States Threaten to Cut Funds from Banks Boycotting Fossil Fuel Companies


Oil derrick and oil refinery in West Texas. | Image from dszc

Fifteen state fiscal officers, including Texas Comptroller Glenn Hegar, recently signed a letter and sent it to US banks threatening the withdrawal of $600 billion in funds from organizations rejecting fossil fuel industry financing.

“At a time when countries around the world are experiencing energy supply constraints that will worsen the inflation crisis and threaten our economic recovery, this administration is using every tool at its disposal to try to curtail traditional sources of domestic energy production,” Hegar declared in a statement he sent to The Texan. “I am proud to join my fellow fiscal officers in these energy-producing states to defend our state economies against these efforts.”

Throughout the United States, there is a growing movement to pressure large financial institutions to stop providing financial aid to coal, natural gas, oil, and other producers of fossil fuels.

“[T]he overarching objective of our actions … [is] to protect our states’ economies, jobs, and energy independence from these unwarranted attacks on our critical industries,” the letter stated.

According to Brad Johnson of The Texan, West Virginia Treasurer Riley Moore is the letter’s principal signatory.

In addition to Texas and West Virginia, The Federalist reported that chief financial officers from Alabama, Arizona, Arkansas, Kentucky, Idaho, Louisiana, Missouri, Nebraska, North Dakota, South Carolina, South Dakota, Utah, and Wyoming also signed the letter.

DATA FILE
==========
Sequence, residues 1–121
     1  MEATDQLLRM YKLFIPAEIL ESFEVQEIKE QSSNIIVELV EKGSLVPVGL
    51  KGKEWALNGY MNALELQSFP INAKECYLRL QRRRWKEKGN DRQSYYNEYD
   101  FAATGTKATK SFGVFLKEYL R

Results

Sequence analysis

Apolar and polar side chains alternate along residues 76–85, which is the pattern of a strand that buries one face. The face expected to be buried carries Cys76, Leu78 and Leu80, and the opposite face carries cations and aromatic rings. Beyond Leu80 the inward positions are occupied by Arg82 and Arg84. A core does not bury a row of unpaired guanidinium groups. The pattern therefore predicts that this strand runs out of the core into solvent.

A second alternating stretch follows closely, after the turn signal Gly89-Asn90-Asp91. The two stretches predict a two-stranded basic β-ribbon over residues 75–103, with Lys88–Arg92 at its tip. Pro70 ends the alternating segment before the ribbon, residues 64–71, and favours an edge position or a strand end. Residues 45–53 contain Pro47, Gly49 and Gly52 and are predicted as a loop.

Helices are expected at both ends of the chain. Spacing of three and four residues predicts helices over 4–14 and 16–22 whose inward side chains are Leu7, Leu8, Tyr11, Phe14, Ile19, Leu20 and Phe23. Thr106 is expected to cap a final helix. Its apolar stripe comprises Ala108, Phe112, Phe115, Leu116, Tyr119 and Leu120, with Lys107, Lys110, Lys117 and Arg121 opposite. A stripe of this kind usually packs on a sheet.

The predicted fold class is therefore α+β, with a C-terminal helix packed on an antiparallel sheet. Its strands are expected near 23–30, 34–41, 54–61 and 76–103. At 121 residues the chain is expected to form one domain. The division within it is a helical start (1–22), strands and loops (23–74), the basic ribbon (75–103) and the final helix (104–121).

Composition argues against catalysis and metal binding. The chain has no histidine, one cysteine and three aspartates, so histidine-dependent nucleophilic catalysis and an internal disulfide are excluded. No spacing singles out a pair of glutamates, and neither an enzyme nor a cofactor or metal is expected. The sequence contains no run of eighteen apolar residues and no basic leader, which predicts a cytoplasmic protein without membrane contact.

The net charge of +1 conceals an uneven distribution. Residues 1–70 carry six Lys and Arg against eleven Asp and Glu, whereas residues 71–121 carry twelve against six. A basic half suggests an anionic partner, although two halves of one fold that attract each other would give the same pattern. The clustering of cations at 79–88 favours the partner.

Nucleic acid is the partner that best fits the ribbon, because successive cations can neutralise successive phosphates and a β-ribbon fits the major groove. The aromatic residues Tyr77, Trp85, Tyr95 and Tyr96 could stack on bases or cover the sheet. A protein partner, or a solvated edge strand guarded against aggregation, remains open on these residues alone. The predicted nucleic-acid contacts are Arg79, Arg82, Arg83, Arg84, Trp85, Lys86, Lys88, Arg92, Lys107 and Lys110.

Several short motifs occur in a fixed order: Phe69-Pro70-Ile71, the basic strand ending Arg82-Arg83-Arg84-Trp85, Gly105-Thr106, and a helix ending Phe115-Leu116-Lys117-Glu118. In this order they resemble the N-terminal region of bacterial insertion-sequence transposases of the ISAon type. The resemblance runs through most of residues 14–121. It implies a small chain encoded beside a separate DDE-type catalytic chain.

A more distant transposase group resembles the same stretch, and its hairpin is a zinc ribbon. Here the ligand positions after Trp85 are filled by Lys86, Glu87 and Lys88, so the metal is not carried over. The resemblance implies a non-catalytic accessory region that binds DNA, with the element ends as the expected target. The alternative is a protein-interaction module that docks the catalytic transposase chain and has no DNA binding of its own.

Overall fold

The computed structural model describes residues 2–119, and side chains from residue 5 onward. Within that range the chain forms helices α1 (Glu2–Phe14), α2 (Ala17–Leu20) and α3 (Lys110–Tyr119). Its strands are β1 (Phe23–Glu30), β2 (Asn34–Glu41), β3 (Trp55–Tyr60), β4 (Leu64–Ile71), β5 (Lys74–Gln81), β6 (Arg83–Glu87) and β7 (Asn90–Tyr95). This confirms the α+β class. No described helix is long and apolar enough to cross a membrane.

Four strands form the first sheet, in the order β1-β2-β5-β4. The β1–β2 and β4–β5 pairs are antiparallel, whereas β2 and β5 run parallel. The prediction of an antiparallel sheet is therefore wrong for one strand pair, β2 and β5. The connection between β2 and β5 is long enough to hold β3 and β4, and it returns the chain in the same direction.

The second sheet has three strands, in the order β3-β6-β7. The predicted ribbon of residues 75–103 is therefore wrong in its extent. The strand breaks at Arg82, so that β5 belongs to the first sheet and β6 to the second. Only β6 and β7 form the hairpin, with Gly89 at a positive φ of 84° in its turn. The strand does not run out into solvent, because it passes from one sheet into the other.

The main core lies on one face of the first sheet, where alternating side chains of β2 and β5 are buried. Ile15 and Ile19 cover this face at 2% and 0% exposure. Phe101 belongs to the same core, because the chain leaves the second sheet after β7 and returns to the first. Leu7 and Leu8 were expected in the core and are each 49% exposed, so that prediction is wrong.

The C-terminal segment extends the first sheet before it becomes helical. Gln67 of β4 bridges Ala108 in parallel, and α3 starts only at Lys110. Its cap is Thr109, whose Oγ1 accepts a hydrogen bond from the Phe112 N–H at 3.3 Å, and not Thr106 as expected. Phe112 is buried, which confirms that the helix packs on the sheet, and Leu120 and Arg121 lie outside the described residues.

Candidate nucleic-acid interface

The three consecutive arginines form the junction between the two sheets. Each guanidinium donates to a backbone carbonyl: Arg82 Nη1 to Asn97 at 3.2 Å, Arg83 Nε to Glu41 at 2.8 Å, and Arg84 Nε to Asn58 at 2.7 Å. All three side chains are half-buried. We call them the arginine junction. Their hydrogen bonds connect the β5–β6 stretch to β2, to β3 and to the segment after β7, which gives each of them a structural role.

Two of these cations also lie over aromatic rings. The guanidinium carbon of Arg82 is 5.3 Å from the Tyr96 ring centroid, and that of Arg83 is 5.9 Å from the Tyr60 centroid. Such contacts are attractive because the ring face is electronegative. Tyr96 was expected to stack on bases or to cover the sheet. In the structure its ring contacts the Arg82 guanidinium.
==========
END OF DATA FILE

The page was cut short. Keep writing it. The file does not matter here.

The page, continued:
The letter emphasized that each state will take its own policy steps to address the problem but did not provide specifics.

Of that $600 billion in funds, Texas has the most that it can withdraw from and is the largest oil and natural gas producer in the US.

The letter continued, “While we understand that you may be under tremendous undue pressure from the Biden Administration, we are simply asking financial institutions to award financing based on an unbiased, non-political basis.”

Under the Biden administration, the federal government shelved the Keystone XL pipeline project and prohibited new drilling on federal lands.

Texas addressed the issue of natural gas policy by passing Senate Bill (SB) 13 during the 87th regular session. This bill bars state agencies from using financial entities divesting from energy companies.

For those companies to receive contracts from the Texas state government, they must possess written verification showing that they do not participate in boycotts against non-renewable energy companies.

In the 2021 legislative session, the Texas state legislature banned municipalities from prohibiting natural gas drilling within their respective jurisdictions.

“Unlike the Biden administration, Texas will fight to support the jobs and businesses in the oil and gas industry and work to ensure our country has the domestic fuel supplies necessary to meet our energy needs,” Hegar continued. “We know that energy is not a binary choice. Texas has proven that renewable energy sources and fossil-fuel-based production can and must coexist to meet the needs of a growing and dynamic economy.”

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